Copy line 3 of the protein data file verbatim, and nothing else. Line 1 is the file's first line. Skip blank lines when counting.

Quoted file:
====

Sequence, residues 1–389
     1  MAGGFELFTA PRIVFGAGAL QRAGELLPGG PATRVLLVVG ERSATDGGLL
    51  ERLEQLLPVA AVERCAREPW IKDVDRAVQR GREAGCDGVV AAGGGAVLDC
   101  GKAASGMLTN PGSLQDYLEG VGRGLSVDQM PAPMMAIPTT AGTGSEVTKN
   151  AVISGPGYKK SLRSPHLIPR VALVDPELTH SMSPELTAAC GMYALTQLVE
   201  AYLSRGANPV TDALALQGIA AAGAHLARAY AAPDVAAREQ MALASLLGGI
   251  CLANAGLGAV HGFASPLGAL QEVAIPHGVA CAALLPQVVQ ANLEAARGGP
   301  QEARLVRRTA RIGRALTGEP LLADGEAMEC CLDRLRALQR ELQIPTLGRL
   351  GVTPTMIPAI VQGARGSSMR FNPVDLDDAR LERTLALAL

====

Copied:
    51  ERLEQLLPVA AVERCAREPW IKDVDRAVQR GREAGCDGVV AAGGGAVLDC